And it isn’t just the individual crew member this affects: stealing time at work slows down field service jobs and can have a knock-on effect on the rest of your team. Those 15 minutes can make a difference in getting to jobs on time!

Financial losses

This is pretty straightforward! Time is money, so when employees are stealing time at work, they’re essentially taking pay that they haven’t earned. These are financial losses that add up with every pay cycle and timesheet, causing losses that may be mystifying at first. 

Field service businesses deal with plenty of risks; losses can easily add up and hurt your profitability. 

Morale and trust issues

Honesty and transparency are key in field service industries: you’re relying on your crew in the field to do quality and timely work. If there are issues, knowing and trusting your field team to report clearly and honestly is necessary. Stealing time at work might seem ‘harmless’ to your crew, but as a business owner, you know that every minute counts.

This disconnect between your field service team and you can also lead to lowered morale. If everyone is stealing, and the boss doesn’t notice, what else can the team do? 

Legal consequences for employees and employers regarding time theft

It’s vital to have what constitutes time theft and the consequences for employees outlined in an employee handbook and/or as part of the training/onboarding process. Being clear about what stealing time at work is and what workers can expect as consequences cover your business and keep everyone on the same page. 

Termination of employment

Not all time theft situations will warrant firing an employee, but stealing time at work is a serious offense, and sometimes, your business needs to take decisive action. Employees will often straighten up their act with verbal and written warnings, especially for small offenses. However, if stealing time at work becomes a pattern or the worker has committed a large amount of time theft, termination of employment might be the only option.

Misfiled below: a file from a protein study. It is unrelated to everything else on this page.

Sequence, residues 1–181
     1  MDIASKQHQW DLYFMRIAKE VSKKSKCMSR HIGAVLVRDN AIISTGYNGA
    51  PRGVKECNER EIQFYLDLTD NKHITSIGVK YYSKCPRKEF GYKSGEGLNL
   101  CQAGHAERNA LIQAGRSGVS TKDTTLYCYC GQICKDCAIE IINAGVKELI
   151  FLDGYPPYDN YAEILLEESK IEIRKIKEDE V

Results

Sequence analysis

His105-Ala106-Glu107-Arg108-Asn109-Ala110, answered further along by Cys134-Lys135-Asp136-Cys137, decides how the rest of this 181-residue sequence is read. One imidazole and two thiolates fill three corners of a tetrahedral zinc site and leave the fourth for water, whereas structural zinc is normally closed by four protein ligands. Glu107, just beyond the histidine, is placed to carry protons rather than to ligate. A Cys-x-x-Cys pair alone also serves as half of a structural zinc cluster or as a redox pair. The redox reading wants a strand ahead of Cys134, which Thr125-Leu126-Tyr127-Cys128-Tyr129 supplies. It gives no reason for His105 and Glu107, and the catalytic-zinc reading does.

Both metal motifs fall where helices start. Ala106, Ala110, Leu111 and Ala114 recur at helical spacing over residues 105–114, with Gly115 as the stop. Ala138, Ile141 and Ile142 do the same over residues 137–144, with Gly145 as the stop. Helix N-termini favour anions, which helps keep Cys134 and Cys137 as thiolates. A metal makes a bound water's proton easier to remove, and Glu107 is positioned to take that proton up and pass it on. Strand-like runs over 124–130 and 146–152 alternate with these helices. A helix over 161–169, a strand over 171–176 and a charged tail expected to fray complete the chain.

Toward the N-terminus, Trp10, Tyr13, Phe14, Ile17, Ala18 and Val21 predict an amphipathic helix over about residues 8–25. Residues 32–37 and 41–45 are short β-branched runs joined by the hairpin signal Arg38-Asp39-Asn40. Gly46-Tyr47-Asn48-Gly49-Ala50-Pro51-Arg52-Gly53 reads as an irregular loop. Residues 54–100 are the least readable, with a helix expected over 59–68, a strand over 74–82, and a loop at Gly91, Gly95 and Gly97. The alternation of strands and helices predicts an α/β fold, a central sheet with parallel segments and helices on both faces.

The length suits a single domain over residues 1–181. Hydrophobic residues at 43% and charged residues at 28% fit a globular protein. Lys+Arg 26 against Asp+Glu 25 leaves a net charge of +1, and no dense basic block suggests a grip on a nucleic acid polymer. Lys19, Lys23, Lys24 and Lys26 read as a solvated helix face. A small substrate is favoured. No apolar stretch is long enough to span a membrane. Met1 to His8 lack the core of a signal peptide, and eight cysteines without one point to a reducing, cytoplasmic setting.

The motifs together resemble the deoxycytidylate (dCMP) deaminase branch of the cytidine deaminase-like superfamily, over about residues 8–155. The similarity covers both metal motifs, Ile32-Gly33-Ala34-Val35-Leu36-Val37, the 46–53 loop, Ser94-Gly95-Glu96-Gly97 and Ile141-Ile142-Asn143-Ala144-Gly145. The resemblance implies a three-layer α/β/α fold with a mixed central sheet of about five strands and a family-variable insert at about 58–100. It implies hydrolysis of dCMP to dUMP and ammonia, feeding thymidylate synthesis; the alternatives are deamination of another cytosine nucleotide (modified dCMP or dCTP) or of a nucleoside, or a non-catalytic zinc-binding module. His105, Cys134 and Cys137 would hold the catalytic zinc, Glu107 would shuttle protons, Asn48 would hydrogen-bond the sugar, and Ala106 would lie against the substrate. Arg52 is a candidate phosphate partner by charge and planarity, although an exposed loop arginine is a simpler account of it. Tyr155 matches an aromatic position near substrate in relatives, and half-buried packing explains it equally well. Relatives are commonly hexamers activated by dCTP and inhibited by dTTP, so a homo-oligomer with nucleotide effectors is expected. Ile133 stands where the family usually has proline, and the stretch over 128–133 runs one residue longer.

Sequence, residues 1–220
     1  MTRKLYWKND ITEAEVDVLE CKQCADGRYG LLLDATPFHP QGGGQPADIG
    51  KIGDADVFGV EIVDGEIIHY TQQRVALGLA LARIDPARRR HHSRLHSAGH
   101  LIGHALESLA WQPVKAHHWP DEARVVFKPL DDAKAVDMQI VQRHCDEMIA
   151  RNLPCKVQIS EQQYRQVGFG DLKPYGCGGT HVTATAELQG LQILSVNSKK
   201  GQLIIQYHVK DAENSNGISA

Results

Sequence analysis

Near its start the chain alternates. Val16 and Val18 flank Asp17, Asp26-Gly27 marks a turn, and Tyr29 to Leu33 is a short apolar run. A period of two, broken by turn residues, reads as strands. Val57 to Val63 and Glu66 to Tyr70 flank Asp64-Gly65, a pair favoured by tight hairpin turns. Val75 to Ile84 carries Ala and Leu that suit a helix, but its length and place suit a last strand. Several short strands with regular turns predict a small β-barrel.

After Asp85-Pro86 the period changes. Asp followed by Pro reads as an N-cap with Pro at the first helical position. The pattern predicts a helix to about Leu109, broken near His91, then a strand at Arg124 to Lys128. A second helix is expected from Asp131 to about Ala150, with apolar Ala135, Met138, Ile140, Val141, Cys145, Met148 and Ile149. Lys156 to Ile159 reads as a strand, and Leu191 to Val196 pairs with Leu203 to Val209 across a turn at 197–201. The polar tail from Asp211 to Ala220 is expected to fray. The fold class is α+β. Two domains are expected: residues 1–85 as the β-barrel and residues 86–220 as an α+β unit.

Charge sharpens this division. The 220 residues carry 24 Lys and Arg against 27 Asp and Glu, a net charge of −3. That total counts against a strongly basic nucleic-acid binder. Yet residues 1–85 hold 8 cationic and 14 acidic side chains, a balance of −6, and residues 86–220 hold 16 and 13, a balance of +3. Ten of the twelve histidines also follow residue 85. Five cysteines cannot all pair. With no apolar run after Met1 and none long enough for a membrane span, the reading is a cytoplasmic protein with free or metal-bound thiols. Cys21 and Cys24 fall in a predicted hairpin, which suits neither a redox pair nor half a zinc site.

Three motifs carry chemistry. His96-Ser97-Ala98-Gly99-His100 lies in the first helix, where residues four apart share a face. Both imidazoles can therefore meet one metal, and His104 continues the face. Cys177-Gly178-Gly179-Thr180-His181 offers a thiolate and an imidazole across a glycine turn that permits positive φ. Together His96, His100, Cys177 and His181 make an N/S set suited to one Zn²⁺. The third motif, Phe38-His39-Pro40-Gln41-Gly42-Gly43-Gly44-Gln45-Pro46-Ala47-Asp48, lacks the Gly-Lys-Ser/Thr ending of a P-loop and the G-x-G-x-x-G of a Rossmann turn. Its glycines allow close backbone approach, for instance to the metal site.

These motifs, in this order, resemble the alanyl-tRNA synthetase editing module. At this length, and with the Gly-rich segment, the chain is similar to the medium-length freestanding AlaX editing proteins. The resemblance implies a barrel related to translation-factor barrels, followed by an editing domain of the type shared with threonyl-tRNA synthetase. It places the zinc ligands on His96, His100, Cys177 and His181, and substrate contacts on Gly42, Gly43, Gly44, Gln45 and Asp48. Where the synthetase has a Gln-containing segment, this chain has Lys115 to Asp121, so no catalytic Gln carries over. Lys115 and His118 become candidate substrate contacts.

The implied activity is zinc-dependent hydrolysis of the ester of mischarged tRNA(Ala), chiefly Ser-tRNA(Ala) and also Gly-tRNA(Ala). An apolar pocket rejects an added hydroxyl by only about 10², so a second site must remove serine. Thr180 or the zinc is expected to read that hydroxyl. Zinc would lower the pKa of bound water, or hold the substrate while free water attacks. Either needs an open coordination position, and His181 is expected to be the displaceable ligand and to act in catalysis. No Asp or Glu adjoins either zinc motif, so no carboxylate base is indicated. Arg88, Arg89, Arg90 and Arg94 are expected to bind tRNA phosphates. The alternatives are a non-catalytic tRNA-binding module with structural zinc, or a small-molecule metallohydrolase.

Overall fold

It’s important to utilize time-tracking tools and security measures to gain evidence of time theft so that your business is protected from retaliatory accusations from ex-employees or legal implications. 

Legal prosecution

Wage theft counts as theft by an employer that they’re required to pay, and it works the opposite way. However, it’s important to note that the legal prosecution process of an employee is challenging, and eyewitness accounts are not enough.

In order to prosecute time theft, there needs to be documented identified theft and records. 

The Fair Labor Standards Act (FLSA) requires employers to pay for all hours worked, and if an employee claims to work those hours, you’ll need evidence to avoid countersuits.

Requirements to repay stolen wages

In addition to prosecution of an employee stealing time at work, making a legal case to recoup compensation for time theft is a difficult process and requires the same robust evidence, in addition to being wary of wage theft allegations. 

Broken integrity and trust 

Your crew represents you and your business, and issues such as stealing time at work can be enough to question their integrity as employees. 

People make mistakes, and many workers will think everybody does it, so it’s fine. But it’s necessary to clarify to your team that your business takes stealing time at work seriously. 

Fair Labor Standards Decrease

If your productivity doesn’t reflect budgets and pay, you may have to decrease wages or increase managerial oversight to compensate for financial losses and bring productivity back to standard.

Make it clear to your team that their standards may decrease due to these issues. Not only is trust broken, but now you’re forced to reduce every worker’s pay to adjust for the actions of a few. 

How do you detect if your employees are stealing time at work?

It might seem impossible to keep up with the different forms of time theft, but it’s very possible to mitigate, prevent and identify time theft in your field service business.

We have eight tips to help you take control of your timesheets and keep your team accountable:

1. Biometric time clocks for fingerprint or facial recognition

Are manual paper punch clocks letting you down with buddy punching? Even passwords and PIN systems have their downsides, as crew members share their credentials to circumvent this security. 

Digital software has kept up with these time theft tricks! Now, companies like ClockShark offer biometric options for time clocks to prevent buddy punching. Stealing time at work is a lot harder when the punch clock requires facial recognition or a fingerprint to clock an employee in.

2. Automated time-tracking software